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Hidden Autism?

find clues here: YOU MIGHT BE AUTISTIC IF :

Interacting with others is usually difficult, uncomfortable, upsetting, or not satisfactory in other ways. ( diagnostic criteria 1 -social struggles)

Signs include being estranged from family, lack of friends, multiple marriages or relationships that end in distress, constant fighting or misunderstandings with others including: trouble with people in school, church, relatives, workplaces, encounters on the street or in public places, difficulty with situations such as doctors offices, emergency treatment/hospital/clinical settings, difficulty in encounters with those who work with the public (police, teachers, store clerks, restaurant servers,or workers who come to your home ( such as plumbers, lawn care, house cleaners, etc etc etc).

You may have been bullied, abused,/ and-or neglected as a child, you may still be bullied or in an abusive relationship.

You may prefer to keep away from others because your “people” experiences have not been so good. Sound familiar? Keep reading.

YOU MIGHT BE AUTISTIC IF: You struggle with communication.( diagnostic criteria 2)
You might find it difficult to express yourself either spoken words or in writing, using ASL, texting, or on the phone.

You might have troubles with speech , including stuttering or stammering, freezing up when you think about speaking or are suddenly called on to speak.

You may not recognize your own emotions until they overwhelm you and you end up “falling apart,”
“blowing up” “freezing up” or “breaking down”, or “having rages” .

You might be dyslexic, hyperlexic, or be unusually talkative or withdrawn. You might prefer to read and write to communicate.

You might have difficulty using your facial features and body language, or others have told you that you have strange body language or gestures and expressions.

You may find it difficult to understand the facial expressions and body language of others.
You might have frequent misunderstandings and have trouble following directions.

You might have been accused of being over friendly or being cold, or of behaving inappropriately.
You may not recognize “personal space” of others.

Social chit chat is frustrating, boring, annoying or causes anxiety.

Having long two- sided conversations with exchange of information or ideas, or sharing of emotions is mostly unknown or you may never have experienced this.

You tend to avoid interacting with others because of these difficulties.

YOU MIGHT BE AUTISTIC IF : you have rigid thinking and or repetitive behaviors ( diagnostic criteria 3)

You might have a regular routine around many parts of your life, and you hate to have those routines disrupted or suddenly change.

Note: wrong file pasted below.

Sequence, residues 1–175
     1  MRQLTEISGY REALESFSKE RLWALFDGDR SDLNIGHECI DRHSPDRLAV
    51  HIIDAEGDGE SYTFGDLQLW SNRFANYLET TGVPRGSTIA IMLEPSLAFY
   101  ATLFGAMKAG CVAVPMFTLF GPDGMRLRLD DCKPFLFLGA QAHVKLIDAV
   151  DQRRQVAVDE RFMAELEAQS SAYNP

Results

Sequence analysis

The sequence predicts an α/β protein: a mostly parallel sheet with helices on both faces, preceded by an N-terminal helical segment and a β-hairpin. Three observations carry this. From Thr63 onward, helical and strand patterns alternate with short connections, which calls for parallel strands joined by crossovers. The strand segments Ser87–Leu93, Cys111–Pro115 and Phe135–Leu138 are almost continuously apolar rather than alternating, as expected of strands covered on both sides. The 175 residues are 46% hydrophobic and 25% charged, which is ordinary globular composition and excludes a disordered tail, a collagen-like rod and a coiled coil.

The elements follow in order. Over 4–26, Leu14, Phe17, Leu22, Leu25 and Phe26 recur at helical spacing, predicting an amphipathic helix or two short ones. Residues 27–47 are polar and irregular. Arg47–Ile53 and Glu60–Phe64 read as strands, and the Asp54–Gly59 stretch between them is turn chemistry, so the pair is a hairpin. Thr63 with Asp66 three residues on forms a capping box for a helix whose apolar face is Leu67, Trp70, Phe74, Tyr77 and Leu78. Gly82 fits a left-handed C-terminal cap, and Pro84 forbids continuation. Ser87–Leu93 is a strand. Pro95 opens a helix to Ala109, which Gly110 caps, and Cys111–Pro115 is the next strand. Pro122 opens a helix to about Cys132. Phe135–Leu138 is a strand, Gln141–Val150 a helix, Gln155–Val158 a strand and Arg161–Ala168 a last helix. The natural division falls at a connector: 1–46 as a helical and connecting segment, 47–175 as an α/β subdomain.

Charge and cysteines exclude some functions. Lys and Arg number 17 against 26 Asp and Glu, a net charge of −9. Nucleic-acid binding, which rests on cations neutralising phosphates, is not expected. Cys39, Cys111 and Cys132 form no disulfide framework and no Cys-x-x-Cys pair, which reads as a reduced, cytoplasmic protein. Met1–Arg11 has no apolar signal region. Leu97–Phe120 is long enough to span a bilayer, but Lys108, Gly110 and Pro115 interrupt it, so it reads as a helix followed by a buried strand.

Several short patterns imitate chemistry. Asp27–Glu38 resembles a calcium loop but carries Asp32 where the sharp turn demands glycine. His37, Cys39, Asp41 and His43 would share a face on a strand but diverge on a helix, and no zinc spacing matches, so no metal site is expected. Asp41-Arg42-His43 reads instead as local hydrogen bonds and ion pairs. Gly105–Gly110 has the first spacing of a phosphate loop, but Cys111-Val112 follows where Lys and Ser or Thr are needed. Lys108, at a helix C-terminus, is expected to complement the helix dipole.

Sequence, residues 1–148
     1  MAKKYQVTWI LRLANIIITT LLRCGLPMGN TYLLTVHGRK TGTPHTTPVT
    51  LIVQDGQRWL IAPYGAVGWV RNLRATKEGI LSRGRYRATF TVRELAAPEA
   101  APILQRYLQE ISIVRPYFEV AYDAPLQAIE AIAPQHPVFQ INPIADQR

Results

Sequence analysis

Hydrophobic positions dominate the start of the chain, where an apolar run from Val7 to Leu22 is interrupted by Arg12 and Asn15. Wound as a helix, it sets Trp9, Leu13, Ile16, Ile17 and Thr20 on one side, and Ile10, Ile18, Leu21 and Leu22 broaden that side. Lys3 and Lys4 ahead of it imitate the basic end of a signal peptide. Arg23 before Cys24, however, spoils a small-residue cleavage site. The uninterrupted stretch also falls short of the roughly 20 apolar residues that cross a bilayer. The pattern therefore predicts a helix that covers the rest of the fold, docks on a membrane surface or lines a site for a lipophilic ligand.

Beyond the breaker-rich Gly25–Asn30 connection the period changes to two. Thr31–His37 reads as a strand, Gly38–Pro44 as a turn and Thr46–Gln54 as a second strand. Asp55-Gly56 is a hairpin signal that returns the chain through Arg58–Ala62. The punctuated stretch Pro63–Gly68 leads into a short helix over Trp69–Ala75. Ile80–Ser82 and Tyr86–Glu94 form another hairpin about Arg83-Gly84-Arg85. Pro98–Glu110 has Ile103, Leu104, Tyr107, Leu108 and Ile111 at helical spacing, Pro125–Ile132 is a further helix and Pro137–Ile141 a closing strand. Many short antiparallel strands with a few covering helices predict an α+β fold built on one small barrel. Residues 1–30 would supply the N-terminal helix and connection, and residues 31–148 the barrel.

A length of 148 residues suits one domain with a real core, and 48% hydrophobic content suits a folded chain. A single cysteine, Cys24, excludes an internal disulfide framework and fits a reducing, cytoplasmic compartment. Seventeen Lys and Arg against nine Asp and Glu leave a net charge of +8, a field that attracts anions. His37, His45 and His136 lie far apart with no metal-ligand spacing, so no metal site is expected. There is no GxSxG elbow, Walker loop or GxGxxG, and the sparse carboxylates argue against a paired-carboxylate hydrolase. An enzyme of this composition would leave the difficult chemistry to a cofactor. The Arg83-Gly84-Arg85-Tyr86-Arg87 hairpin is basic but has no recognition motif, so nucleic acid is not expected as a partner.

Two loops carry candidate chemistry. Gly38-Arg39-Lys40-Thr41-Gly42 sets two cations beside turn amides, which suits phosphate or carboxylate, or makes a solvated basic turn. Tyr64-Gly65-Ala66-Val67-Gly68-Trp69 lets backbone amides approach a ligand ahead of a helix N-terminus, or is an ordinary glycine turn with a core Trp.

You hate surprises (good or bad)

You expect certain behavior from others and are surprised, disappointed, angry, or dismayed if they do not behave the way you expect.

You have strong beliefs about right and wrong, what is good and what is bad, and you rarely change those beliefs.

You may have intense interests in details surrounding a specific subject or subjects. It is not unusual for these interests to change over a period of time, but whatever those interests are, they will be very specific and demanding detail and will be absorbing and of almost driven/ obsessive proportions.

You have certain rituals or processes you must do in order to accomplish certain tasks. Being asked to change these suddenly makes you uncomfortable, upset, angry, or distressed and worried.
As an example, I brush my teeth after I eat anything. since I snack constantly, I brush my teeth a lot when I am home. When we travel, I am often unable to brush after meals or snacks and I find that distressing. Other examples would be the order in which you do any task, the tools you might use or need to work or to perform the task, time of day you must do things, etc. If your rituals or processes are changed or interrupted it is difficult to proceed without upset.

You may tend to isolate yourself or resist other activities or interactions if they interfere with the structure of your rituals and routines, or if you are not given time to prepare for them properly.
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If you relate to these things, and more importantly relate to 2 or more behaviors from any of these 3 sections, you may be autistic.
The sections I just described are sometimes called the diagnostic TRIAD of autism… having behaviors from all 3 sections are points used to diagnose autism.
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I add my own criteria here: ( and many diagnostic persons also take note)
YOU MIGHT BE AUTISTIC IF :